The musicians of Elvin’s generation came of age at a time when society was geared toward the propagation of black men with strong backs and weak minds. They managed to thrive in the face of some of the most pernicious pressures imaginable, and they simply do not quit. They don’t retire. They go until they go. The love of music-and the music of love-is what always kept Elvin alive, and it continued to do so for the duration of that week at Yoshi’s, the string of gigs that would be Elvin’s last. Every time he eased down onto that famously high stool of his, drum sticks like matchsticks in his enormous, weathered hands, a little more of Elvin’s energy, his life force, seemed to suffuse him.
The truth of Elvin is that he was born, and lived, to play. I traveled the world with him, saw the joy Elvin brought people in every town and city, saw the happiness he felt when he was on stage, swinging, and the satisfaction it gave him to pass his wisdom on to the next generation of musicians. Seldom does one encounter a man so utterly committed to communicating with his fellow human beings, so perfectly in love with what he does, and thus for many people, watching Elvin play transcended music and became a spiritual experience. To bear witness to the intense power and terrible majesty of his solos-to see and hear Elvin grimace and growl like an ocean god, pounding tridents against drums to build a cresting tidal wave of sound-was to be as close as most of us ever come to a pure moment of creation.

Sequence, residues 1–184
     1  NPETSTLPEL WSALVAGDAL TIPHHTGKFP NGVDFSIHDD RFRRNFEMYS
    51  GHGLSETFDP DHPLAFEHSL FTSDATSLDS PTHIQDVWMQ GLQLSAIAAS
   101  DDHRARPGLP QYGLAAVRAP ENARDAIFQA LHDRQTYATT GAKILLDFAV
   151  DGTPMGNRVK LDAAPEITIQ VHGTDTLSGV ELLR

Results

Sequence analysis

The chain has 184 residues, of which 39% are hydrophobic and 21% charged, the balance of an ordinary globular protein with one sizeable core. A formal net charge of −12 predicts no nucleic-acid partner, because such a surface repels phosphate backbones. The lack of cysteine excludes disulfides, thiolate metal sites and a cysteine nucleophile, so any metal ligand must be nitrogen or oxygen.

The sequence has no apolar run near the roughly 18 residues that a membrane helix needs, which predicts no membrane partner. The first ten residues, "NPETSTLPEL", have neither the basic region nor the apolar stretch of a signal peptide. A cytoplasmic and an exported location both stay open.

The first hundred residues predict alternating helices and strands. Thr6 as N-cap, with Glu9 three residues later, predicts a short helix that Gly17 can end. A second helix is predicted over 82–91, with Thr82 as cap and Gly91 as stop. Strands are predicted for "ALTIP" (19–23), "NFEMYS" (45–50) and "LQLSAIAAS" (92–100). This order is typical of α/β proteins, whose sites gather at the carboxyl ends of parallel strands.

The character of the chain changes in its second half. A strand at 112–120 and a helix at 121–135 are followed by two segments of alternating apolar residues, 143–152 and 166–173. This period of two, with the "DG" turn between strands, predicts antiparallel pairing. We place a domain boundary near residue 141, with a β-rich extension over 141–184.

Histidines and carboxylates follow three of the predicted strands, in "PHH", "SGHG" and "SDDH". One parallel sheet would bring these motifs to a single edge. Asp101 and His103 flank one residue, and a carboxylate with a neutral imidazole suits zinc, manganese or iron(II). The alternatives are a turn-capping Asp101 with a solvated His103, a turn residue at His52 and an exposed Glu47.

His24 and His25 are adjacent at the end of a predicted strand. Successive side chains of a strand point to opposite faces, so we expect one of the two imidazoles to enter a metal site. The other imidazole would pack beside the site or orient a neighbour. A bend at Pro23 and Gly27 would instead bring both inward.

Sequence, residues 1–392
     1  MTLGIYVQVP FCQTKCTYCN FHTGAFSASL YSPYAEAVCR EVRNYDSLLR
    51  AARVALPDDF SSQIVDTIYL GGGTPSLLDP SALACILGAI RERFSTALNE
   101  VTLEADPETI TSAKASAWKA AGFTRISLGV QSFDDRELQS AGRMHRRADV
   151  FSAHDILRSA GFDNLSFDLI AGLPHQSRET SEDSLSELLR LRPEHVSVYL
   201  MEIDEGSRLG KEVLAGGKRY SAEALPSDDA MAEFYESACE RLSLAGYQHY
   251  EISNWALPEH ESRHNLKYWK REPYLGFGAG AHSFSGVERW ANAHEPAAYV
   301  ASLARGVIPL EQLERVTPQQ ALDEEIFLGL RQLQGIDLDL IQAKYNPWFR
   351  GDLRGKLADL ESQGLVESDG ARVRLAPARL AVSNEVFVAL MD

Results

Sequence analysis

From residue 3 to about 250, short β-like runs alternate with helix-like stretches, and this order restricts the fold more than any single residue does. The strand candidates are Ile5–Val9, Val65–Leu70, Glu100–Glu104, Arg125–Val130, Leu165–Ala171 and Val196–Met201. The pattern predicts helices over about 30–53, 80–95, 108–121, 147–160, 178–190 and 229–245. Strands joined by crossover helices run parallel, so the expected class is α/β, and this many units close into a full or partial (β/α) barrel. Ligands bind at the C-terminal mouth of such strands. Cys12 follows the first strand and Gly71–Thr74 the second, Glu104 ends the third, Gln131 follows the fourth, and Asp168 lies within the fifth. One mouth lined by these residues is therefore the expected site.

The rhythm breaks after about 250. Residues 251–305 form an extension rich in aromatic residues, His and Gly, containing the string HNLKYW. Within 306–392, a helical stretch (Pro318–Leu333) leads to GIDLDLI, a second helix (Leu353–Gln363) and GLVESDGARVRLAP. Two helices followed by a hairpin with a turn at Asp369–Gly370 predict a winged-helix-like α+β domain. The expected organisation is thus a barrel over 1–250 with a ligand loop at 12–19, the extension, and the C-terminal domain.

Elvin’s music wedded peace to struggle, opened lines of dialogue between order and chaos, humanity and the infinite. He tapped into something ancient and ageless when he played, an energy volatile and benevolent, immediate and wise. Here, I often thought as I watched him, was the living embodiment of the artistic impulse that defines humankind at its best: the beauty and the brilliance, the pain and the sweat, the clenched, love-drenched, intricate ordeal of existing and of giving birth. Sometimes watching Elvin was like watching Jacob wrestle the angel. Other times, it was like watching a man cradle his newborn child for the first time.
No one understood Elvin as well as Keiko. Her commitment to ensuring that the world be granted the gift of his music was as pure and profound as Elvin’s own. The couple had no children together; instead, they were the parents of Elvin’s music. And the truth of Keiko, of this tiny woman whose body hardly seems capable of containing her enormous vigor, is that she always did right by Elvin.